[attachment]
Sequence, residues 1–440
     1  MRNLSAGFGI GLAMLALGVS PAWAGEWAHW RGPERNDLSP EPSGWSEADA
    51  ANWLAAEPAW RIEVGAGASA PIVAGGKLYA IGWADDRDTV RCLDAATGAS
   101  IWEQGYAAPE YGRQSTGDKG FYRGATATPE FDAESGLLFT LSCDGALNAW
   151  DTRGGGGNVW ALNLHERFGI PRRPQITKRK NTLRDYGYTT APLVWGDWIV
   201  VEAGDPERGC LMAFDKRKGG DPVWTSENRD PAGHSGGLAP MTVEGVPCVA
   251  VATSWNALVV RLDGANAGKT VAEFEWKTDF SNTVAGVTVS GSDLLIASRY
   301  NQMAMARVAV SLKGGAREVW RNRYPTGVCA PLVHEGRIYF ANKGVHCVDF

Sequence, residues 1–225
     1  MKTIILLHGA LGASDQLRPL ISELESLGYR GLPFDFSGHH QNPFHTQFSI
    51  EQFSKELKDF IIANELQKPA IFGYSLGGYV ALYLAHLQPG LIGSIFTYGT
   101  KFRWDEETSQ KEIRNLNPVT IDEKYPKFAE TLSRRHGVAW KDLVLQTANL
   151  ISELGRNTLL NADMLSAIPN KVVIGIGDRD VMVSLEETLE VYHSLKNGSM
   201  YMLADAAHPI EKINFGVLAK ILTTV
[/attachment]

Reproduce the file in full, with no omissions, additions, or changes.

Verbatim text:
Sequence, residues 1–440
     1  MRNLSAGFGI GLAMLALGVS PAWAGEWAHW RGPERNDLSP EPSGWSEADA
    51  ANWLAAEPAW RIEVGAGASA PIVAGGKLYA IGWADDRDTV RCLDAATGAS
   101  IWEQGYAAPE YGRQSTGDKG FYRGATATPE FDAESGLLFT LSCDGALNAW
   151  DTRGGGGNVW ALNLHERFGI PRRPQITKRK NTLRDYGYTT APLVWGDWIV
   201  VEAGDPERGC LMAFDKRKGG DPVWTSENRD PAGHSGGLAP MTVEGVPCVA
   251  VATSWNALVV RLDGANAGKT VAEFEWKTDF SNTVAGVTVS GSDLLIASRY
   301  NQMAMARVAV SLKGGAREVW RNRYPTGVCA PLVHEGRIYF ANKGVHCVDF

Sequence, residues 1–225
     1  MKTIILLHGA LGASDQLRPL ISELESLGYR GLPFDFSGHH QNPFHTQFSI
    51  EQFSKELKDF IIANELQKPA IFGYSLGGYV ALYLAHLQPG LIGSIFTYGT
   101  KFRWDEETSQ KEIRNLNPVT IDEKYPKFAE TLSRRHGVAW KDLVLQTANL
   151  ISELGRNTLL NADMLSAIPN KVVIGIGDRD VMVSLEETLE VYHSLKNGSM
   201  YMLADAAHPI EKINFGVLAK ILTTV